James Callaghan (1912-2005, Prime Minister 1976-9) started his career as a tax officer at the Inland Revenue and, fittingly, his first Cabinet post was as Chancellor of the Exchequer. On Harold Wilson’s surprise resignation in 1976, the Labour Party’s MPs elected Callaghan as their leader; he therefore automatically succeeded Wilson as Prime Minister. His term in office was dominated by industrial unrest, culminating in the ‘Winter of Discontent’. On 28 March 1979, the government was narrowly defeated (311 votes to 310) on an opposition motion of no confidence. It was the first occasion since 1924 when a vote in the House of Commons had precipitated a general election. Labour lost and, in October 1980, Callaghan resigned as party leader.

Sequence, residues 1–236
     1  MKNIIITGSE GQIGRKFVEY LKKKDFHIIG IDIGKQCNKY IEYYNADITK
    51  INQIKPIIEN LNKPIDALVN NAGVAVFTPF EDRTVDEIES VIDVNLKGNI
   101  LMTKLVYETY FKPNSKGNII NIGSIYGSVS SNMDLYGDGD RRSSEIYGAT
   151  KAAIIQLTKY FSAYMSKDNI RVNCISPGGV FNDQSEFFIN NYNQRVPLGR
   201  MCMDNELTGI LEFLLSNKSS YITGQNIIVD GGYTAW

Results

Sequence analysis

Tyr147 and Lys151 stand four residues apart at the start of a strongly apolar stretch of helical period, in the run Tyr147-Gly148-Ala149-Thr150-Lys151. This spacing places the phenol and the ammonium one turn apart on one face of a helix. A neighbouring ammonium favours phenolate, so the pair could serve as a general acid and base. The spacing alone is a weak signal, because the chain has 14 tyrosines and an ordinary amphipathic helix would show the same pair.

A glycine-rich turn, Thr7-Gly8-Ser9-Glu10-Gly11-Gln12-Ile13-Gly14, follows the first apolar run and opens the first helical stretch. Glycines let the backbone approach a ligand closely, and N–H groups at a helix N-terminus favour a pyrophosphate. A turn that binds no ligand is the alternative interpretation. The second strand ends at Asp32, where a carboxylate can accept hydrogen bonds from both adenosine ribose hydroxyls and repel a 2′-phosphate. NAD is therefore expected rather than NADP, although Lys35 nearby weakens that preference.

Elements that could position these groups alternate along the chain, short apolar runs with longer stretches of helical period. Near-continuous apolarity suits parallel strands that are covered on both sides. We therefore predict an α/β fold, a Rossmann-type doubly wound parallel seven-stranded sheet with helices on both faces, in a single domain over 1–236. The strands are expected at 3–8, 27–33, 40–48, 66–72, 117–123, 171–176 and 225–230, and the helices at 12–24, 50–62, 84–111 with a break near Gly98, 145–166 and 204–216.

HENRY CONROY was a trade union leader, journalist and general secretary of the National Union of Journalists (NUJ). He was the financial correspondent at the Daily Record and later editor of the Scottish Catholic Observer. When Callaghan was Prime Minister, Conroy was the Labour Party’s press officer in Scotland and got to know him personally.